His gauge takes into account military spending, personnel and deployment; sentiment of each country’s people about the other country; and media attention given to the conflict. According to his analysis, China’s share of military spending has been on a steady upward march and currently comprises about 20% of global military spending, while the US’s has declined since the early 2000s and currently sits at 40%, narrowing the gap between the two from about 50% to 20% of global spending over the period.
He says the Russia-Ukraine war would be minor by comparison because, in addition to the human cost of a war, the economic ramifications would be far more extensive than the fallout experienced from the Ukraine conflict to date, with China’s share of world trade more than seven times larger than Russia’s.
“Imagine what the supply chain and economic impacts on the world would be,” he says. “Supply chains would collapse, economic activity would dive, and inflation would soar.”
These are eventualities that the global economy could ill-afford in an environment where supply chain issues are finally easing, the global economy is at threat of falling into recession and inflation is at multidecade highs.
The saving grace, however, could be that China has its work cut out for it at home, where it is up against a plethora of economic challenges, unless, as Old Mutual Multi Managers investment strategist Izak Odendaal says, China does choose to escalate the conflict to distract from its domestic problems, “a tried-and-tested approach” through history.
There was some positive news on the Chinese front this week, when trade figures saw exports increase by a higher-than-expected 18%. However, less encouraging was that imports in July rose by 2.3%, compared with expectations of 4%, which signals that domestic demand is weak as a result of the government’s zero-Covid strategy.
Odendaal says, in the short term, the state of China’s economy will depend to a large extent on whether it continues to rigidly impose the zero-Covid policy and the extent to which the government stimulates the economy to make up for it.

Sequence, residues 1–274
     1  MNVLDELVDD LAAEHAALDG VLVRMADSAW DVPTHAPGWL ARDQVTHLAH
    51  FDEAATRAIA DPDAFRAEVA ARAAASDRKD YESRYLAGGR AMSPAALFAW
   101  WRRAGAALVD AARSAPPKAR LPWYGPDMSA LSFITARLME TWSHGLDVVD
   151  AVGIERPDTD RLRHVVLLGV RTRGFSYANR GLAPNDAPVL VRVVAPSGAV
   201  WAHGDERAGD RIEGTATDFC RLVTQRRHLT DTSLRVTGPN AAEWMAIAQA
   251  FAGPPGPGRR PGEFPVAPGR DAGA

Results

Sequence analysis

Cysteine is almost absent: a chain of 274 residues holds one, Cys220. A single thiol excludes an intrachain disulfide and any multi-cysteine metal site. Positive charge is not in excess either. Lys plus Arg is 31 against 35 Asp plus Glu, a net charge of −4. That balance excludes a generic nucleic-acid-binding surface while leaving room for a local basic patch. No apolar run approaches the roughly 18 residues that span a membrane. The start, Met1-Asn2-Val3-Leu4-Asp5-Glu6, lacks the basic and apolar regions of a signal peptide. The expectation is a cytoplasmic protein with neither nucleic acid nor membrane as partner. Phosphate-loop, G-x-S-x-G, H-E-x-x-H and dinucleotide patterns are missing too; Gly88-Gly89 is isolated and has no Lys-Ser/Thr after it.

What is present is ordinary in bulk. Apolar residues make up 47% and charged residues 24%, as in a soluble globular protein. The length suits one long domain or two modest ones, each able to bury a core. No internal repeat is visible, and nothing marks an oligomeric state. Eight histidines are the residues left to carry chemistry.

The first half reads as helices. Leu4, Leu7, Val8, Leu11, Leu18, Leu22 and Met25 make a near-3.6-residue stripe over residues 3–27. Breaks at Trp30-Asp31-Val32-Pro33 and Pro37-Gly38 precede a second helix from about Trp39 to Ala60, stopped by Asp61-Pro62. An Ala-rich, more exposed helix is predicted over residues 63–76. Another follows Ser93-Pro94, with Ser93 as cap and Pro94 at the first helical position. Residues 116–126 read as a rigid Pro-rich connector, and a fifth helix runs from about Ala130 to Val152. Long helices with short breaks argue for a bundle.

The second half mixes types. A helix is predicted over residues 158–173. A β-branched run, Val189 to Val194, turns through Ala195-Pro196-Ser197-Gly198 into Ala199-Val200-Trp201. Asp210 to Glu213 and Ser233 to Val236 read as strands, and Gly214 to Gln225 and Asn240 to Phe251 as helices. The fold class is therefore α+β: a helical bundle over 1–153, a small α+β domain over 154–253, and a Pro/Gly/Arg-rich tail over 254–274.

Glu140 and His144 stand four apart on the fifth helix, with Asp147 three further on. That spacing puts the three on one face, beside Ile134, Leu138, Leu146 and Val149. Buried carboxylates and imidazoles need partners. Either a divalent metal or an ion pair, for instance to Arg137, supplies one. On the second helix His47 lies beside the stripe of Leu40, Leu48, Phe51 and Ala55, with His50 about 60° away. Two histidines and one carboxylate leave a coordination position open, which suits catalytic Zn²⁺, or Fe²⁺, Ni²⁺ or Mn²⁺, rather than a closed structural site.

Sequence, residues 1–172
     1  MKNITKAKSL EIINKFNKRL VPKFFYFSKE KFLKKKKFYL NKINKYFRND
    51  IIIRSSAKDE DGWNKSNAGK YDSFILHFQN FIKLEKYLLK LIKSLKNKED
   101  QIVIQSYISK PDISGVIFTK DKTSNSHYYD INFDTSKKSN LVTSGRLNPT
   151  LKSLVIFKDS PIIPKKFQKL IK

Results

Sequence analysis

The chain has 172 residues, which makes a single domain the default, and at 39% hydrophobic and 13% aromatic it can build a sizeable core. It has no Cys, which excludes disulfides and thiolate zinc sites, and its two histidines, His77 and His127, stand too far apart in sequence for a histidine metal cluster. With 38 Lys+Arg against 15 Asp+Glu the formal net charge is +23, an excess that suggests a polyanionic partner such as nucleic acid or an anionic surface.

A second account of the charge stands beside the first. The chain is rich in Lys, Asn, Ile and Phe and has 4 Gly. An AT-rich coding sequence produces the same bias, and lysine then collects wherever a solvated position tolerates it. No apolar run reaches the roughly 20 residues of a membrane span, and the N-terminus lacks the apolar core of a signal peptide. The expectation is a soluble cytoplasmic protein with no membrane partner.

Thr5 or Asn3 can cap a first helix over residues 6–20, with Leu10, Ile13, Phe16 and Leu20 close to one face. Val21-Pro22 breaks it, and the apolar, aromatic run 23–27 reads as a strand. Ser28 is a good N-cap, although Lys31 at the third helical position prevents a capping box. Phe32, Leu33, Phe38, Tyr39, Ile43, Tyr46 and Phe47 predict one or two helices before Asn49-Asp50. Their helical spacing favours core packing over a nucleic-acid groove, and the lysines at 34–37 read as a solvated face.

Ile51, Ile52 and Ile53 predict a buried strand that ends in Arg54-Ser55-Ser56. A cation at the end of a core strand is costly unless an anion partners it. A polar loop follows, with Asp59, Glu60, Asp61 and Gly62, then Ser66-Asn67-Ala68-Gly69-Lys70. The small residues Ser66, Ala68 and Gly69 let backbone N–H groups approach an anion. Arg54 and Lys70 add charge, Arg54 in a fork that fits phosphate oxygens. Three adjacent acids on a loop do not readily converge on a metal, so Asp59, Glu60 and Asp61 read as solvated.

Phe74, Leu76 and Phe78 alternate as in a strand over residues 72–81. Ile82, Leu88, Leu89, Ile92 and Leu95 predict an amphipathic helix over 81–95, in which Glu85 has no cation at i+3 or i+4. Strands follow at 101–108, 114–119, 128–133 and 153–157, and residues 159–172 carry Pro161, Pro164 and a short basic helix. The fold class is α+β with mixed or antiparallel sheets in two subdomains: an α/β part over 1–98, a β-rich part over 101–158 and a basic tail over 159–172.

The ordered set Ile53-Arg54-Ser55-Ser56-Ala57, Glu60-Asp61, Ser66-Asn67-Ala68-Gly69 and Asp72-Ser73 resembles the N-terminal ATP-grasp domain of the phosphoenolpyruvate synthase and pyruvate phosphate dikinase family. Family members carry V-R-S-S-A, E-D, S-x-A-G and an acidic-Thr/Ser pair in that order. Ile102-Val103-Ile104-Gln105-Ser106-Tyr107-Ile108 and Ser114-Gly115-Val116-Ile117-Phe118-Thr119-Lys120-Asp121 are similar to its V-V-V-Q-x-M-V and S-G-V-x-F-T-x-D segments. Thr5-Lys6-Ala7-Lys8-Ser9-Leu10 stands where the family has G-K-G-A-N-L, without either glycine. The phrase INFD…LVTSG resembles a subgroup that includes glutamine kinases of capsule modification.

Covid cases continue to rise steeply, with the government lockdowns extended further afield to holiday destinations Hainan and Tibet, as case numbers reach a three-month high. On the stimulus front, Odendaal believes these will be limited, given the already high debt levels and the fact that cutting rates or adding more debt is unlikely to be very effective.
His main worry is the slow-motion implosion of the property market, given the central role it plays in China’s economy.
“Combined with its poor demographics, I therefore expect overall growth rates to continue trending lower over time. Moreover, as the state reasserts its central role in the economy, you have to assume that that will impede productivity growth.”
For South Africa, in particular, the ramifications of a major Chinese economic slowdown/political crisis would be significant. Odendaal spells out three ways in which the country is dependent on China:
- It is a major export destination, primarily of commodities, with export values totalling R200bn last year, according to SARS.
- Some of our biggest JSE-listed companies are directly exposed to China, notably Naspers.
- When China sneezes, emerging markets catch pneumonia, as we saw in 2015, and sentiment would suffer.
The stakes are high and the one thing we’ve come to understand over the past few years is that “unprecedented” events are not necessarily spaced out over decades.
Seeing China’s military launch live missiles over Taiwan for the first time is thus an ominous, and potentially underestimated, development. BM/DM